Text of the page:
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ACO readiness a longer road than expected

An industry report finds that many health systems and hospitals working to establish accountable care organizations have not implemented even one of six core components.

By Pamela Lewis Dolan — Posted Jan. 7, 2013

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Many health care systems and hospitals transitioning to accountable care organizations are finding that it's a more complex process than they initially thought. A necessary step many have missed is establishing relationships with the physicians who will provide the accountable care.

That's according to a report on the readiness of 59 health care organizations moving to ACO settings. The organizations are members of the Premier Partnership for Care Transformation Readiness Collaborative, launched in June 2010 to help organizations switch to ACOs. Researchers said all 59 have much work to complete before becoming fully functional ACOs.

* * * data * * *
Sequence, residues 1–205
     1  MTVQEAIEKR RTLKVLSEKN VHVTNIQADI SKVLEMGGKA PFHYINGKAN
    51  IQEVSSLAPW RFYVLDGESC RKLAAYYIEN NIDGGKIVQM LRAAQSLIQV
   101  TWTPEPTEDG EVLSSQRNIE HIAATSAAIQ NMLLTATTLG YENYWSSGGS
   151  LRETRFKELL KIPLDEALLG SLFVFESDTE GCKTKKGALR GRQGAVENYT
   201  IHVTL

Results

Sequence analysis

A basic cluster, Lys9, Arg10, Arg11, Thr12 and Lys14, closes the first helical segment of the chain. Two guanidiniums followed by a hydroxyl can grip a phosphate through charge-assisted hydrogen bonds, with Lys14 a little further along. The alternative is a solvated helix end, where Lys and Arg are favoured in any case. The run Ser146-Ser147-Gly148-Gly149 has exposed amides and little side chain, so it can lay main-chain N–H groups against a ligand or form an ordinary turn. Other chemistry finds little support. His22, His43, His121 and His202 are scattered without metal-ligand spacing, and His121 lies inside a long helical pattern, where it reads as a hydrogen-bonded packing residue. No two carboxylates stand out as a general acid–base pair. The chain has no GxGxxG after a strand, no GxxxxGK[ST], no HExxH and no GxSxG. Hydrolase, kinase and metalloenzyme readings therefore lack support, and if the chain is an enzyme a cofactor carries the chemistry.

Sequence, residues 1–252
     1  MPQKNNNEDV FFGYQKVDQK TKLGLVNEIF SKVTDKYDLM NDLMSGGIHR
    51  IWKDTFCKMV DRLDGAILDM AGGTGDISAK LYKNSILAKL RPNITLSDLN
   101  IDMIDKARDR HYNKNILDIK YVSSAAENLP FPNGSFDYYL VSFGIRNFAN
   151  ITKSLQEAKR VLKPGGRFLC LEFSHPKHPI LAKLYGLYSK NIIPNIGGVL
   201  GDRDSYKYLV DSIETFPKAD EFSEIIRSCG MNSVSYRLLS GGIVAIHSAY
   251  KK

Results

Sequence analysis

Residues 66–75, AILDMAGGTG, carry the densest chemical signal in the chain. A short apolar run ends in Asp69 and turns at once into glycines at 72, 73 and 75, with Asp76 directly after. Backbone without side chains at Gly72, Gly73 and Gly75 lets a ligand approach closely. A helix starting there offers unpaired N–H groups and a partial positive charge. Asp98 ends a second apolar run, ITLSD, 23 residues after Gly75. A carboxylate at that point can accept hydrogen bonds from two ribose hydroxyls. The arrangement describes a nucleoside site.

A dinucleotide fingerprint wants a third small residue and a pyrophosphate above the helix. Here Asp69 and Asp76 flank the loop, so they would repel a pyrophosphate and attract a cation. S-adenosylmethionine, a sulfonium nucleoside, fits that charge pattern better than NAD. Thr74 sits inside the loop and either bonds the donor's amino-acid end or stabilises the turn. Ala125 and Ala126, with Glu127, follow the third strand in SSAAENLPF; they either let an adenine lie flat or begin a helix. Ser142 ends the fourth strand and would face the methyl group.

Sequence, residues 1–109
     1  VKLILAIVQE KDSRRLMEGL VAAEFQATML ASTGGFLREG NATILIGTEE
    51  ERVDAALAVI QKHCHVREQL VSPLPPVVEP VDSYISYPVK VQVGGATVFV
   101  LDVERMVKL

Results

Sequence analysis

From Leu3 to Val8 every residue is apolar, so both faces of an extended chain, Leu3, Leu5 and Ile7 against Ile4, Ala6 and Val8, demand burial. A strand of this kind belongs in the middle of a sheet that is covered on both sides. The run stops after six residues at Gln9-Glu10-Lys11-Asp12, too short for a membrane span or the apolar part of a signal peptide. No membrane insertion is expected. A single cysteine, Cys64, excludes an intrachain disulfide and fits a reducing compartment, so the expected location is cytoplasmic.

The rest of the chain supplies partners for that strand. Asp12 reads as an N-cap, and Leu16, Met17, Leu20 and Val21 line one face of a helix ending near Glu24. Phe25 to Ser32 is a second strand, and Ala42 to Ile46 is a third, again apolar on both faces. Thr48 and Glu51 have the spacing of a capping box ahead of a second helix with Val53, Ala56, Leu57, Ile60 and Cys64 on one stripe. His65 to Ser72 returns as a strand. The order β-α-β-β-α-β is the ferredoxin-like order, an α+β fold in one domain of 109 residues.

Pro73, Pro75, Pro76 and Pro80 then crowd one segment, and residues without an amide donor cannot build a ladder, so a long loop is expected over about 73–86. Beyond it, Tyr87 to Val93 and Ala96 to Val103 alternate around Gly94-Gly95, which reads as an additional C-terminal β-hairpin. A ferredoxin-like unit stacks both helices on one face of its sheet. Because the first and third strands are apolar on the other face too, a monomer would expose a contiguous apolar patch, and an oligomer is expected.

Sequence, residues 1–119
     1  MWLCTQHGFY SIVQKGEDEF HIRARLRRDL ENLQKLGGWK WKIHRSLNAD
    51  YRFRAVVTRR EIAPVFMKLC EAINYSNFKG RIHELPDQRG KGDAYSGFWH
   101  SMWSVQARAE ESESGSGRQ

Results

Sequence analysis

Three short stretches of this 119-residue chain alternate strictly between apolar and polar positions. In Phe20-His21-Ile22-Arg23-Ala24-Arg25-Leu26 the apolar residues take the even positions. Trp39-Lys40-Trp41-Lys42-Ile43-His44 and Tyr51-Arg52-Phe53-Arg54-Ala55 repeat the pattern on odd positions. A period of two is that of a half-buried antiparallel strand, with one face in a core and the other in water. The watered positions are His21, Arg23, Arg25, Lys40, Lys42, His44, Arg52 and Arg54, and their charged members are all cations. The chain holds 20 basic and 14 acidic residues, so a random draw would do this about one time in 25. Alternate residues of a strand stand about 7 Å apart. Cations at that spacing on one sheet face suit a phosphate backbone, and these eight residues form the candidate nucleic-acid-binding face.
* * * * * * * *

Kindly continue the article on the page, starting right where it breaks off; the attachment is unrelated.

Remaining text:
Those with the lowest scores on the evaluation reported difficult relationships between primary care physicians and the health system or hospital. Organizations with the highest scores reported positive relationships with physicians.

“Given that these 59 organizations were predisposed to becoming ACOs by virtue of their joining the collaborative, it was surprising to find at the outset of the collaborative that the level of readiness was modest,” the authors wrote in the report issued in December 2012 by the Commonwealth Fund. The health systems and hospitals were evaluated between August 2010 and June 2011.

The authors said the assessment provides insight into the overall state of ACO readiness and called the results “sobering.” In an ACO, participants receive a share of the savings that result from meeting quality metrics and providing care that leads to healthier patients. Many of the created ACOs are being led by hospitals.